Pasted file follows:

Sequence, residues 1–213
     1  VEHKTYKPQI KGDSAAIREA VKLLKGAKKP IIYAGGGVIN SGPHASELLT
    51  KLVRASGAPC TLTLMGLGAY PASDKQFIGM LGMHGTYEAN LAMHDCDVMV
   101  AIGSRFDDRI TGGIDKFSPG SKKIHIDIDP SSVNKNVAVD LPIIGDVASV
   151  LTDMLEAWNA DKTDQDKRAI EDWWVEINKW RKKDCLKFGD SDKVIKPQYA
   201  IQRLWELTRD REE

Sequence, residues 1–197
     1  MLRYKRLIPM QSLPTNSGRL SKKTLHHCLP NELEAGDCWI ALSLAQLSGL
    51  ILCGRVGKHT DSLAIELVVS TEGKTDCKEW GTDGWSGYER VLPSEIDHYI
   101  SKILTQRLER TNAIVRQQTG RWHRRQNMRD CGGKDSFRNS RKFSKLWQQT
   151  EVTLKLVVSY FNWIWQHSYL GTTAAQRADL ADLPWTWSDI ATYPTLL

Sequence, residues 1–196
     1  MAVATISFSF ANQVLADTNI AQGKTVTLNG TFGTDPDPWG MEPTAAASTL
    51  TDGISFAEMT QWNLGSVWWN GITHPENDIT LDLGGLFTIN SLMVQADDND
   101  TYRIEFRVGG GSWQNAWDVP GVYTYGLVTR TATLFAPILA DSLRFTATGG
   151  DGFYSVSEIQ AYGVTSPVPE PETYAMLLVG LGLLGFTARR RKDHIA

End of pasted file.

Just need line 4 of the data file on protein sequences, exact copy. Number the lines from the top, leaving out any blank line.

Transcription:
   101  AIGSRFDDRI TGGIDKFSPG SKKIHIDIDP SSVNKNVAVD LPIIGDVASV